Cardiac MR Assessment of cardiovascular effects of HIV and ART (Antiretroviral therapy)
- Prof. Fiona Mulcahy, Dr. Caroline Daly, Dr. Rosin Morgan

The increased survival associated with the advent of antiretroviral therapy (ART) for HIV in the mid 1990s has been associated with an increase in heart disease. It is widely debated whether this increase is due to effects of therapy, risk factor profile of patient group or indeed the HIV virus itself. The purpose of our study is to detect early changes in heart muscle structure and function as well as possible underlying silent ischaemia. By combining the MR results with fasting glucose and lipid levels we aim to detect early signs of heart disease in an asymptomatic male HIV population, compared with age and sex-matched controls.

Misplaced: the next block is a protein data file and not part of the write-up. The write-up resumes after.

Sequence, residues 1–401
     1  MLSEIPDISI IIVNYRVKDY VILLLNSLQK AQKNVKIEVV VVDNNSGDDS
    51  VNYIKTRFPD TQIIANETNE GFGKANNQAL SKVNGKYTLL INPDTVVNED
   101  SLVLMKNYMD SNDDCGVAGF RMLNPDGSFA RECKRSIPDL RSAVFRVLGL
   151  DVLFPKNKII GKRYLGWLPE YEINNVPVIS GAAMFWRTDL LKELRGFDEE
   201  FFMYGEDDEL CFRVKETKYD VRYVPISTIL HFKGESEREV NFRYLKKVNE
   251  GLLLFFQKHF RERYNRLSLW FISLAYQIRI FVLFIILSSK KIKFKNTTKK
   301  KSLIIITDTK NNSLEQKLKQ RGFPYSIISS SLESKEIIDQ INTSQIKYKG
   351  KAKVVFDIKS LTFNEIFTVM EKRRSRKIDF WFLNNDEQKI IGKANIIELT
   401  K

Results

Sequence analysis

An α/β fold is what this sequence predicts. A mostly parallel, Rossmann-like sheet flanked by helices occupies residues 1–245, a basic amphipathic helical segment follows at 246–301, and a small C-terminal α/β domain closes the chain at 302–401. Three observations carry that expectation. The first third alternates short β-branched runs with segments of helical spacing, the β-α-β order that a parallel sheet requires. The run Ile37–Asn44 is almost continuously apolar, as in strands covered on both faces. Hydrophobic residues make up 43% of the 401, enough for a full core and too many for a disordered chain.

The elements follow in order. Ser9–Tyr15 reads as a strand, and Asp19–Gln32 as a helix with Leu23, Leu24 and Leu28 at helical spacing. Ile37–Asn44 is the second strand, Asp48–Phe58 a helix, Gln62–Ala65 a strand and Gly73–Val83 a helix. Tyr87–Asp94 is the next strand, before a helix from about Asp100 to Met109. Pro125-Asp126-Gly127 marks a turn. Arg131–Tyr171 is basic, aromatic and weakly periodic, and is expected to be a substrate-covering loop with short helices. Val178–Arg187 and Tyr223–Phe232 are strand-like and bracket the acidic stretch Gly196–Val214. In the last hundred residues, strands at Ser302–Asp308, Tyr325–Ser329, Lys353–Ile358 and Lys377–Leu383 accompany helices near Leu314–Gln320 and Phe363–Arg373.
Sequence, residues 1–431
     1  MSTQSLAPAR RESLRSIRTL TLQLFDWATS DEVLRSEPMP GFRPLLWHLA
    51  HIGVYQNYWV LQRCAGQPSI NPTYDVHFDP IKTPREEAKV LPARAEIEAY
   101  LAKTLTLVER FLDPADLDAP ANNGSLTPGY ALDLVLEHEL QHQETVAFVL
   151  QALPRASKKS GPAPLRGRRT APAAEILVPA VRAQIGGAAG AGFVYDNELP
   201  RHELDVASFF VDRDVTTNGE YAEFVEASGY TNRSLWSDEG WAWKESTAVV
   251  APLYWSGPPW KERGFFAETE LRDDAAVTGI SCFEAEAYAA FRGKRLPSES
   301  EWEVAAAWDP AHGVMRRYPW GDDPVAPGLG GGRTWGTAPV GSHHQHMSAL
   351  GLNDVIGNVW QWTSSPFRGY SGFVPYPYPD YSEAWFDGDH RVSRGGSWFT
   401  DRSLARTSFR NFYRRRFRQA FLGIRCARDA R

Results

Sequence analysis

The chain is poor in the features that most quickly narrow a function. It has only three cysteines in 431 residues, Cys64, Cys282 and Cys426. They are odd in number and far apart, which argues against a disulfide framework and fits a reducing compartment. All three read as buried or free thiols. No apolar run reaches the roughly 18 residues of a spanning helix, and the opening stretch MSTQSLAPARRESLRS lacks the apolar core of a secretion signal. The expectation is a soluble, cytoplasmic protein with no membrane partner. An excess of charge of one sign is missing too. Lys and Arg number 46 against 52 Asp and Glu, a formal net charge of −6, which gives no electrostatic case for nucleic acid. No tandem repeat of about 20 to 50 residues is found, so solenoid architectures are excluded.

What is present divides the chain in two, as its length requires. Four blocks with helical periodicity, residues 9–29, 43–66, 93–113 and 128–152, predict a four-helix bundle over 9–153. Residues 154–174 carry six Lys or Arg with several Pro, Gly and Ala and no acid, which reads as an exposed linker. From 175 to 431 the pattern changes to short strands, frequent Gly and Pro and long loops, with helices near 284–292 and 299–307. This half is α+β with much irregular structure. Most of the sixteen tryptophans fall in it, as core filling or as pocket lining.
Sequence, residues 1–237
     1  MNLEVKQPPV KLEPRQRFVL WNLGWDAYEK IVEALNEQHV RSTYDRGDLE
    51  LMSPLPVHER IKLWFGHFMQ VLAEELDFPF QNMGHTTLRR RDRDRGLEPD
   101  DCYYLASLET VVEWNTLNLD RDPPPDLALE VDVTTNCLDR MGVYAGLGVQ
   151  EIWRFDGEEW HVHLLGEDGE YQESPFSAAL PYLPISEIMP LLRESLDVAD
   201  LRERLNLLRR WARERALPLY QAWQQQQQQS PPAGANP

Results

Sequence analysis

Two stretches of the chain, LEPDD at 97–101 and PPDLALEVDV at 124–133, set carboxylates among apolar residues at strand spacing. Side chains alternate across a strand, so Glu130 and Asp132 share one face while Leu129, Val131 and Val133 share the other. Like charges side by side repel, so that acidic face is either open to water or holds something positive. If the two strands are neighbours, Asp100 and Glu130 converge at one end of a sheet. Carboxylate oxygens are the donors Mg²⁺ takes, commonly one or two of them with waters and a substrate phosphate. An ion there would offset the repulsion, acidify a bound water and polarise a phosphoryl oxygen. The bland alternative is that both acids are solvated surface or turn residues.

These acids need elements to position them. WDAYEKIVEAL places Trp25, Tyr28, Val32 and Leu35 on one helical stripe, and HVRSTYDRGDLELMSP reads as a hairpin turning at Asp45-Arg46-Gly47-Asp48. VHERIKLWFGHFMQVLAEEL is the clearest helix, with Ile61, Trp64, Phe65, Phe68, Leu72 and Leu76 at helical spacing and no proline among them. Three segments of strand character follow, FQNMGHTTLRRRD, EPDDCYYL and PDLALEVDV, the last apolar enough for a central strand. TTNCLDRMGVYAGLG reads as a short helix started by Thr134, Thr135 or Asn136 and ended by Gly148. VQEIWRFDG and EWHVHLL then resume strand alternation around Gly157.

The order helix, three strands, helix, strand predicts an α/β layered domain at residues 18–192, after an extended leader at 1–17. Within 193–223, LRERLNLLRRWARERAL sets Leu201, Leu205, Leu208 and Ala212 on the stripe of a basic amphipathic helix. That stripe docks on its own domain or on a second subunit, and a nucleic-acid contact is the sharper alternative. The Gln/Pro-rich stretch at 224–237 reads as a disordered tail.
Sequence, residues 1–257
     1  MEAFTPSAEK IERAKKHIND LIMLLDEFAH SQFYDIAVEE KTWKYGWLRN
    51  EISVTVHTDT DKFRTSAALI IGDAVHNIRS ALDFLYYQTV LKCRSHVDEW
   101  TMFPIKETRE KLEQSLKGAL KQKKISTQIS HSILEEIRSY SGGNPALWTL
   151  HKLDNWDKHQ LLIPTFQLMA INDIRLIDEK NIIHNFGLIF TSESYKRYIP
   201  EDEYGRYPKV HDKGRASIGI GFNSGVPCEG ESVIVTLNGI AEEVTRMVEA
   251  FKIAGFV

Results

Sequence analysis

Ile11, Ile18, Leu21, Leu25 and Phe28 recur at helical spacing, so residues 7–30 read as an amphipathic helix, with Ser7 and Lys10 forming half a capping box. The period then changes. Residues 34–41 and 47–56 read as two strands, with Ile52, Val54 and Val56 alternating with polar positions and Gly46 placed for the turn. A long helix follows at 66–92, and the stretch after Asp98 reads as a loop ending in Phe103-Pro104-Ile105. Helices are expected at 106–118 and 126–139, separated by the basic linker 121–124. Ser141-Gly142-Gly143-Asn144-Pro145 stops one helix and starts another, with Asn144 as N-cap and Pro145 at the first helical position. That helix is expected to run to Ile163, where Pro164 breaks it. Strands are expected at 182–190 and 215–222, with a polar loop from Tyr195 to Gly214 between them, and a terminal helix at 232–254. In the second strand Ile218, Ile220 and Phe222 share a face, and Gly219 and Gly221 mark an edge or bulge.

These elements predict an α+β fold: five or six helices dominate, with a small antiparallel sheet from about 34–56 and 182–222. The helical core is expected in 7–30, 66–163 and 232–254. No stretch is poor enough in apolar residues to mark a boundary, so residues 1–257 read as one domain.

A standard cardiovascular MRI with assessment of LV function, volumes and flow will be performed on patients and controls. Intravenous gadolinium will be used to assess for late gadolinium enhancement which is indicative of past inflammation, infarction or fibrosis. A subgroup of patients with known high triglyceride levels will be scanned with additional technology, spectroscopy, with the aim of detecting deposition of triglyceride in the myocardium.

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